• Nanyang Siang Pau and The Star were hounded by the home ministry for errors that impinged on religious sensitivities, while Utusan Malaysia whipped up racial and religious tensions with abandon
  • The police hounded a young blogger who made facetious remarks about people in high places, based on reports already carried by other blogs and after he was fingered by pro-Umno bloggers
  • Media Prima took over the New Straits Times Press, and the prime minister’s press secretary was appointed to a senior editorial position to supervise NSTP newspapers, further concentrating press ownership and control.

Against all that, it is laughable that the prime minister seeks to gain personal glory out of a niggardly and grudging concession to withdraw annual licensing of newspapers — still unfulfilled after six months, and in the fourth year of his term.)

To add further insult, Najib even claims credit for the existence of Malaysiakini and the Malaysian Insider — both of which were set up well before he became prime minister: Malaysiakini 10 years before, and the Insider in 2008, a year before Najib’s government took office.

It is hilarious to see that Najib said: “I’m not naïve. I know that editors choose critical stories above positive ones…. But there are always two sides to every story, and things are rarely as simple as they seem.” » Najib: I gave media more freedom

He must be truly naive if he cannot see that journalists write critical reports because politicians speak with forked tongues, and because it is the journalist’s duty to give a complete and rounded report, and to call politicians to account.

Malaysian journalists, and the Malaysian public, are not so naive as to take politicians at their word, even less so when the words of the politician and the facts they conveniently disregard so often do not tally.

Quite plainly, despite his own words, Najib Tun Razak is no different from most other politicians in wanting to see only one side of the story, and never mind the facts.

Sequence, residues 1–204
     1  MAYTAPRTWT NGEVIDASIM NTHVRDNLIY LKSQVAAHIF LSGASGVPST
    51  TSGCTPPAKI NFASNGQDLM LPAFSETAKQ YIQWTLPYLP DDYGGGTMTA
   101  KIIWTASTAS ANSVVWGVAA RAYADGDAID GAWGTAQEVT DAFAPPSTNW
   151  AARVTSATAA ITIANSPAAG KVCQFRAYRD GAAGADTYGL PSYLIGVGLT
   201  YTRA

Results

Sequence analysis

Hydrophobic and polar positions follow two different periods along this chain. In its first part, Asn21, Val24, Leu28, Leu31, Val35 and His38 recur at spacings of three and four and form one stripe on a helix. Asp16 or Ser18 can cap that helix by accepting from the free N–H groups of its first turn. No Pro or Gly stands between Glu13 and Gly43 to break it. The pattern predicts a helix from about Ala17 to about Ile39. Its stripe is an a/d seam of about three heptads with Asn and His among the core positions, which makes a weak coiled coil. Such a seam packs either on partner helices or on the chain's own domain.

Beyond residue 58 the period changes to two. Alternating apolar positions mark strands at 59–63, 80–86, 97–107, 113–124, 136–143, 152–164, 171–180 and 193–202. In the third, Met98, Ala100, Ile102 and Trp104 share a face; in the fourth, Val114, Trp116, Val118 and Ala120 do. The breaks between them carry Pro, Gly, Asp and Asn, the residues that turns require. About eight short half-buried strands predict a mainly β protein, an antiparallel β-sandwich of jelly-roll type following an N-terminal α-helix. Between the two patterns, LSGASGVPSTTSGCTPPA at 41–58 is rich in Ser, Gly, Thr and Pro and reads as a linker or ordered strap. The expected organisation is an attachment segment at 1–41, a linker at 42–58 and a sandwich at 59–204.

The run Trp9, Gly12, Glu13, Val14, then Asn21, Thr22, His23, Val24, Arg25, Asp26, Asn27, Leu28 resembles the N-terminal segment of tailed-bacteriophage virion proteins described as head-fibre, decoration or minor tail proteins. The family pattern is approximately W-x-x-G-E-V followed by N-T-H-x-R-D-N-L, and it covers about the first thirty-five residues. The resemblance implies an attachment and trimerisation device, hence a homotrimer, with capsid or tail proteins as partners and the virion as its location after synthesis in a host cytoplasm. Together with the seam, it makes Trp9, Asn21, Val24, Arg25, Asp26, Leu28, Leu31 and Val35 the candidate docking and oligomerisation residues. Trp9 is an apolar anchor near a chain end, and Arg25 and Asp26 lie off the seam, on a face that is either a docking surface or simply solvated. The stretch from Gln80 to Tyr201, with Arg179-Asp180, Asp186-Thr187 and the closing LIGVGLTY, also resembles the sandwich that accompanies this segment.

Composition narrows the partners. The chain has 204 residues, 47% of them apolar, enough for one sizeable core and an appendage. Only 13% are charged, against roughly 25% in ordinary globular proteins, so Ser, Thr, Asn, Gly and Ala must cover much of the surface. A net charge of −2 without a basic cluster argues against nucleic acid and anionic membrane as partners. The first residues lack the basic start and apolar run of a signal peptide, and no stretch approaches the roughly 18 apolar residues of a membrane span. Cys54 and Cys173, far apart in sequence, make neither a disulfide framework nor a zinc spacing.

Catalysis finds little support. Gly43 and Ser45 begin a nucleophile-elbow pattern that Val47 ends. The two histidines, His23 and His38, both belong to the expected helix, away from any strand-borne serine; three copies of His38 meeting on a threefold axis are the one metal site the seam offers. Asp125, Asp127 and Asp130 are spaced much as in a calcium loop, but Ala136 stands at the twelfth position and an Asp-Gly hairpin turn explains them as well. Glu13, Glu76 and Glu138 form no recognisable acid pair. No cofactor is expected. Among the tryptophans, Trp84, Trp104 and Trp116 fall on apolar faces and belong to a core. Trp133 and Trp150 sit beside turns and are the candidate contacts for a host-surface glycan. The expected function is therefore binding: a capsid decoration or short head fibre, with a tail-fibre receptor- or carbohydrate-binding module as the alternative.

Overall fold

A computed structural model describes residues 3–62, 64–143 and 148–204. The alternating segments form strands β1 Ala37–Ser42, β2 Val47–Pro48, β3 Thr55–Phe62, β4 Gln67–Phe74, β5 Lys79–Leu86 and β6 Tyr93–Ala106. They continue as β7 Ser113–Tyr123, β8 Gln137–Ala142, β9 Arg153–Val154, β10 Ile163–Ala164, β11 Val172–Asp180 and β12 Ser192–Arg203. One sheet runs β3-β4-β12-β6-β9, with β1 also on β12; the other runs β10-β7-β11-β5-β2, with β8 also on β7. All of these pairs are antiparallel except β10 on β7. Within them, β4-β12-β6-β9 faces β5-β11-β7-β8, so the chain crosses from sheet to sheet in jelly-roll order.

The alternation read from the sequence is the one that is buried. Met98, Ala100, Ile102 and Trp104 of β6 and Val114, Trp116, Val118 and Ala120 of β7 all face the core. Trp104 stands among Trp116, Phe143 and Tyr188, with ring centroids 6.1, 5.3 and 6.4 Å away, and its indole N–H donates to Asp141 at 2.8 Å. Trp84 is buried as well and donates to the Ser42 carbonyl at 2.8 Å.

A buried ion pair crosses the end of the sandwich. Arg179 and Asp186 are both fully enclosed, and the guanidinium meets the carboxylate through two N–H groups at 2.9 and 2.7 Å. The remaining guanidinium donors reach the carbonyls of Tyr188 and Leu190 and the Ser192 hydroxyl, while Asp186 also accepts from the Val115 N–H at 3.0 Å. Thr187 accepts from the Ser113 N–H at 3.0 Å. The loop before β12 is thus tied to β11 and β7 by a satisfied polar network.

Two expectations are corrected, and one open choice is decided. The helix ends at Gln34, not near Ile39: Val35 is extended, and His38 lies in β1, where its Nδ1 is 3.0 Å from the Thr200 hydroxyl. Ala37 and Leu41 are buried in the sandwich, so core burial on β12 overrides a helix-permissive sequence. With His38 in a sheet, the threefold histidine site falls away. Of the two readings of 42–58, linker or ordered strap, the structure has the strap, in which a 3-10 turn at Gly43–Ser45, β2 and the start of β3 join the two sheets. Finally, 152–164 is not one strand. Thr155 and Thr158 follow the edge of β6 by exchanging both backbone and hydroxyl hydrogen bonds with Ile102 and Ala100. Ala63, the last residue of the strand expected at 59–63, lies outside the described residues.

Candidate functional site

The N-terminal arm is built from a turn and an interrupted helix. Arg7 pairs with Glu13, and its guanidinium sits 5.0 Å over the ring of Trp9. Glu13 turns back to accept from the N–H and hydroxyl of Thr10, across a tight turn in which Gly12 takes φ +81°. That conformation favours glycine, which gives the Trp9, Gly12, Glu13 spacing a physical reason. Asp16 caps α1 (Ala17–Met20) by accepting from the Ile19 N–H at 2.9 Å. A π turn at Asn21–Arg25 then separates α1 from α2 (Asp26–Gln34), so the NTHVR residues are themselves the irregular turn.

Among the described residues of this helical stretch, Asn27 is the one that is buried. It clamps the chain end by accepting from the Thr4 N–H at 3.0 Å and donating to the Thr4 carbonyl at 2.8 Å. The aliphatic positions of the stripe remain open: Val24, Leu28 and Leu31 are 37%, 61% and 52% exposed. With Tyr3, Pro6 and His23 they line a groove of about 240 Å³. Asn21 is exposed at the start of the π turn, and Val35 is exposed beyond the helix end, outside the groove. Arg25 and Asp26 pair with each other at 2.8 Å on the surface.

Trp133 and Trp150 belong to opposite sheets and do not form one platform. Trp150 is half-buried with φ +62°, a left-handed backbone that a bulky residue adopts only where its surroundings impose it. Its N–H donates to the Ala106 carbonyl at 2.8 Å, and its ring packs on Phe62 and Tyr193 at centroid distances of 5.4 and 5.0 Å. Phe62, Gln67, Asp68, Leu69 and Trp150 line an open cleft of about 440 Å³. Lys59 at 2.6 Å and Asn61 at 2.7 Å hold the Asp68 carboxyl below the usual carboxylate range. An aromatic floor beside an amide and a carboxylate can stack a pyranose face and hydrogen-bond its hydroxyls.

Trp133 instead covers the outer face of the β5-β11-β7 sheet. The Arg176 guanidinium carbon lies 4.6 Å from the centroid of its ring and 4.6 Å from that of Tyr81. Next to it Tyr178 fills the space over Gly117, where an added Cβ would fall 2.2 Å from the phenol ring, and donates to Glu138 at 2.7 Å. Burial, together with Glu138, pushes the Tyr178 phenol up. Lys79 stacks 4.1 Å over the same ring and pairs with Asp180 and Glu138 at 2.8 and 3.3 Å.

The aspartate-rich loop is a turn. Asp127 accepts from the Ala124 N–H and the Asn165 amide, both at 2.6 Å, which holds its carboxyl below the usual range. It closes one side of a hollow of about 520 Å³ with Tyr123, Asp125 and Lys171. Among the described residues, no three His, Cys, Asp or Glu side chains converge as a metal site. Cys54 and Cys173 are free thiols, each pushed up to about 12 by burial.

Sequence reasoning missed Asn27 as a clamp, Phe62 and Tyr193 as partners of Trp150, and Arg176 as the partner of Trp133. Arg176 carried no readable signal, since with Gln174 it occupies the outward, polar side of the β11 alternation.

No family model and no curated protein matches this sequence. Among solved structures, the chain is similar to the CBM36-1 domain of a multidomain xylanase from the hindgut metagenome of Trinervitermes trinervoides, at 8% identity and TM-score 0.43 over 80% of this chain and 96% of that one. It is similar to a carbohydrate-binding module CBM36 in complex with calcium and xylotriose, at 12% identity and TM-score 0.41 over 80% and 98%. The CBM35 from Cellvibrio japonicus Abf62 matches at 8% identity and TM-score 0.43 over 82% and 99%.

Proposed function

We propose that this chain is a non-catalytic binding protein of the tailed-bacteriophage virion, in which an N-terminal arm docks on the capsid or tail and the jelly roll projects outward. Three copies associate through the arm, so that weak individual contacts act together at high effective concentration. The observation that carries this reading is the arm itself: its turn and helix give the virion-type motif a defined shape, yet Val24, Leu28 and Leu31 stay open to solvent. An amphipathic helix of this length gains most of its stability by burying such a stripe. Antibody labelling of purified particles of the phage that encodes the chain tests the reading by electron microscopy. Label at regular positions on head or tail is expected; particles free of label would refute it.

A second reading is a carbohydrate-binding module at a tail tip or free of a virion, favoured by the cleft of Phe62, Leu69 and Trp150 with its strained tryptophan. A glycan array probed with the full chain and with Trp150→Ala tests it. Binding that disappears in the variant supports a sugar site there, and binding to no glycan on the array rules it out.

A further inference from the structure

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8 Comments
  1. Tue 2012-Mar-20 @ MYT 13:04:02 pm 13:04

    This is Najib who will claim everything that is in his favor and most of all always telling the half truth and action on just the opposite of what he promises. Just what and see all the new taxes he will introduce, that is get reelected, to claw back all the billions he is currently giving away.
    It does not take a genius to know that he is buying votes, not with his own money, just before the anticipated GE. Especially so when the country’s budget is in deficit and worst of all with borrowed money !
    He never gave away anything since he became the P.M. why all of a sudden he is so caring and generous ?

  2. Tue 2012-Mar-20 @ MYT 13:10:58 pm 13:10

    Ei, you forgot to mention the BBC-FBC scandal where Najib’s government paid millions of pounds to buy favourable programming on the BBC, which the BBC later apologised for.
    It’s not killing or intimidating journalists but it sure doesn’t promote media freedom either when secretly-funded PR is passed off as news.
    Not sure if that sort of thing should show up in Malaysia’s index or the UK’s?

    • uppercaise permalink*
      Tue 2012-Mar-20 @ MYT 13:52:11 pm 13:52

      It was the BBC that was affected, their press ethics called into question not ours, questionable though they are.

  3. NAR permalink
    Tue 2012-Mar-20 @ MYT 16:47:12 pm 16:47

    On that note, Bernama has several stories quoting the Oxford Business Group, who are commission by the government to write on the Malaysian economy.

  4. cherrypicker permalink
    Fri 2012-Mar-23 @ MYT 13:01:36 pm 13:01

    2010 score: 50,75
    2011 score: 56,00

    It actually got worse under Najib!

    • uppercaise permalink*
      Sat 2012-Mar-24 @ MYT 08:14:21 am 08:14

      An expanded set of criteria were used for 2011, so a direct comparison with 2010 isn’t quite accurate; ratings were changed for all countries.

  5. cherrypicker permalink
    Fri 2012-Mar-23 @ MYT 13:15:57 pm 13:15

    In fact, the score has been steadily rising under Najib.

    2006: 22.25 (badawi)
    2007: 41.00 (badawi)
    2008: 39.50 (badawi)
    2009: 44.25 (najib)
    2010: 50.75 (najib)
    2011: 56.00 (najib)